Conservation Plan Reduces Erosion and Increases Soil Organic Matter

Never Allow a Gully

Don Veatch, Campbellsville, Kentucky, uses wide grass cover buffer strips to control erosion and provide hay for cattle. (Austin Anthony)

Don Veatch's interest in stewarding the land began when he was an elementary school student, and his mother helped him compose a winning personal-point-of-view conservation district essay. Veatch's premise opposed a proposal that would have flooded his family's central-Kentucky property on the site of a lake that had not existed since prehistoric times.

"That's when I realized people could change things through their own actions," he explains. The proposed dam project never materialized, and Veatch and his family still farm the hard-to-manage heavy soils of the ancient lake bottom, locally dubbed "The Lagoon," near Lebanon -- about an hour's drive southeast of Louisville.

"What I learned as a child during that public debate and my father's oft-quoted rule: 'Never allow a gully on the farm' has guided me throughout my farming career," he explains.

Today, Don and his son, Josh, farm 600 to 700 acres in a no-till corn, soybean and wheat rotation, and manage another 300 acres of grass for up to 150 to 200 cattle, including their own commercial cow herd of 40 mamas. In addition, daughter, Kelsey Livers, has developed a "subscription-based" freezer-beef business featuring 100% on-farm finished cuts.

Veatch Farms was recently awarded the Kentucky Leopold Conservation Award for 2023, given in honor of renowned conservationist Aldo Leopold, in recognition of extraordinary achievements in voluntary conservation and management of natural resources.


Fields here quickly become soggy in rainy periods, then become severely dry shortly after the rains stop. As a result, The Veatches adopted no-till in 1992 on double-crop soybeans behind wheat.

Veatch says the experience, which was in response to an extended drought, worked so well, they quickly adopted no-till across all their cropland. They soon began noticing fields were much easier to farm.

"Heavy rains infiltrate into the soil more quickly with field residue and crop stubble on the soil surface," he explains. "When the rains stop, that same residue continues to protect the topsoil from wind and water erosion, and helps maintain soil-moisture levels."


To further enhance soil health, the Veatches adopted cover crops on all of their fields 10 years ago to maintain living plant roots in the soil as long as possible throughout the growing season. The practice boosts soil microbiology in the root zone and shields the soil from wind and water erosion. Over time, cover crops also help increase soil organic matter.

"We began to control erosion by no-tilling, but it wasn't until we included cover crops in our rotation that we saw improvements in organic matter (OM)," Veatch says. "Before cover crops, our fields tested in the 2% range for OM, but now we have soils testing over 3% in some fields, and the farm OM averages from one-half to one percentage point over where we began."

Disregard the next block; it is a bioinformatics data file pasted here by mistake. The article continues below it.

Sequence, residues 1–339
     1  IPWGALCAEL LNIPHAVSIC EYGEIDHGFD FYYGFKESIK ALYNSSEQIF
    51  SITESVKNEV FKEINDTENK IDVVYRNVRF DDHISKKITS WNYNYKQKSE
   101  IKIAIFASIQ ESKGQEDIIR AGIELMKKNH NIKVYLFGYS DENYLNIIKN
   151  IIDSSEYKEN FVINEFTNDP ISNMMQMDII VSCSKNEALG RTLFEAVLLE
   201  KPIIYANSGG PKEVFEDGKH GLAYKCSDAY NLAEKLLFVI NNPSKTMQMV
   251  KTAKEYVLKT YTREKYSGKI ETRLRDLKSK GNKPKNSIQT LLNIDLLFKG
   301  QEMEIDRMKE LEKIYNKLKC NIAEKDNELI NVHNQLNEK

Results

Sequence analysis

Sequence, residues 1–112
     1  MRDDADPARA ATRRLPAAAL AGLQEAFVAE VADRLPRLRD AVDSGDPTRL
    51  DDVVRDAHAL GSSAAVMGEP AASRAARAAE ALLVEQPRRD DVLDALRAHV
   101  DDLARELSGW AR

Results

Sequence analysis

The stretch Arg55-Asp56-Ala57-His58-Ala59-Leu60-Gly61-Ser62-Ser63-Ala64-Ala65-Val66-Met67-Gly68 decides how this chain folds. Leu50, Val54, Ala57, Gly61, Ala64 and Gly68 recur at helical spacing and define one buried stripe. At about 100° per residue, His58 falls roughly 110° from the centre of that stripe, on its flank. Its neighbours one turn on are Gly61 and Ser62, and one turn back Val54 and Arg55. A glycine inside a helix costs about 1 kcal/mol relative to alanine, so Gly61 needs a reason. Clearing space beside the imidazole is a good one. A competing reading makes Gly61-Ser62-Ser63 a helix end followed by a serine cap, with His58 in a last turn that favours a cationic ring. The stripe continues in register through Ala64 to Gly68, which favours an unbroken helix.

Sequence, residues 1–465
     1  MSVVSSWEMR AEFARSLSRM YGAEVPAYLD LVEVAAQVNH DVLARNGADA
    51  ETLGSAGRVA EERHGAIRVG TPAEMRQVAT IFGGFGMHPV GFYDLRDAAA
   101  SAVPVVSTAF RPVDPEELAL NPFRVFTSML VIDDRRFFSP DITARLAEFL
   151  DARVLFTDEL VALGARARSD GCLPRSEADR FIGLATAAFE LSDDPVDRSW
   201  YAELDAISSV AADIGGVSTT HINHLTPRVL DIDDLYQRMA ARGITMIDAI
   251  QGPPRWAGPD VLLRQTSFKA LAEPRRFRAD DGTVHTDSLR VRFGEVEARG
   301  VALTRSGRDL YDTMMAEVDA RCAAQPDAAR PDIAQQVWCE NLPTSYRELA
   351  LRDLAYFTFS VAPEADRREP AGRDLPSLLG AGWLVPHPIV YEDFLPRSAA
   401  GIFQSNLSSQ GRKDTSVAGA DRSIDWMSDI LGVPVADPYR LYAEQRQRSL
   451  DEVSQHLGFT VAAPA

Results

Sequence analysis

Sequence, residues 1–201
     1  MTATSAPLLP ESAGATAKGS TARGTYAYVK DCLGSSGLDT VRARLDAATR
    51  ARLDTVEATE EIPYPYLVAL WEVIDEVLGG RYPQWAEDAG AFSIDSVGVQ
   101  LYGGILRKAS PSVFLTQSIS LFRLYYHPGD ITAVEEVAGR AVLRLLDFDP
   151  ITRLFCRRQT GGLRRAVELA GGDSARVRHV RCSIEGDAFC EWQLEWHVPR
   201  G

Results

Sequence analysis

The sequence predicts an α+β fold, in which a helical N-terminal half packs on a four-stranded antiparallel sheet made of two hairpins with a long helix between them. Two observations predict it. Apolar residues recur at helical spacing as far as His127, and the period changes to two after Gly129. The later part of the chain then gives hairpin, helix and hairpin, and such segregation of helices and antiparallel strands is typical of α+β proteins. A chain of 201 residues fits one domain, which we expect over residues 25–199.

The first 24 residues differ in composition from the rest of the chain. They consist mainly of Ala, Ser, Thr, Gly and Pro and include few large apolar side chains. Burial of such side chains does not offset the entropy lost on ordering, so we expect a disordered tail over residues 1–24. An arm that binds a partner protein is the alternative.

The cover crops also reduced soil lost to runoff from the farm into a creek that bisects the property. "Using continuous no-till stopped major erosion on our farm, but it wasn't until the cover crops that we stopped seeing even small gullies," Veatch explains. "The covers also help us scavenge any excess nutrients that might find their way into the waterways."

He says he's experimented with several cover crops but typically returns to winter wheat to protect his soils.

"When you're trying to establish a cover behind cash crops harvested in the fall, it's difficult to get enough growth with many covers before the first freeze kills them," he explains. "Winter wheat, planted in the fall, works no matter what, and on part of our fields, it serves as a cash crop in our rotation."

Veatch says yields over the past three years have averaged 90 to 100 bushels per acre (bpa) for soft red winter wheat; 55 for double-crop soybeans; 65 to 70 for full-season soybeans; and roughly 200-plus for corn.

Another prime conservation -- and productivity practice -- displayed at Veatch Farms is managed rotation. Six pasture paddocks divided by electric fence containing round concrete spring-fed water tanks provide fresh grazing and water for the cattle.

They rotate the herd to a different paddock roughly every month. This method provides forage from March through August, before the cattle are given access to the entire pasture through November. Hay produced on adjacent pastures fills the gap for winter feeding.

To further lessen the ecological footprint of the cattle operation, the herd is excluded from the riparian areas of the farm's ponds and creeks, and restricted from timberland, watering only at the concrete watering points.


Veatch sees trees as both a renewable resource and conservation tool. He's planted timber along the curves of his farm's creeks to stabilize the soil and reduce flood damage. This timber complements the wide grass cover buffer strips he's established to control erosion near natural drainages.

Existing timber on the farm is treated like a crop, with timber-stand-improvement practices limiting the growth of invasive species, allowing desirables such as oak, walnut and maple trees to share a larger portion of the forest canopy.

Portions of the property's timber, as well as part of the grasslands, are enrolled in USDA's Conservation Stewardship Program to create habitat for wildlife, birds and pollinator insects.


The Veatches share their story of agriculture and land stewardship with their freezer-beef customers and by hosting field days. Veatch, who credits his conservation ethic to that long-ago grade-school essay, has been active with his local conservation district board since 1999. In a "full-circle" experience last school year, his granddaughter, Karli Veatch, wrote one of the winning essays in the district's contest.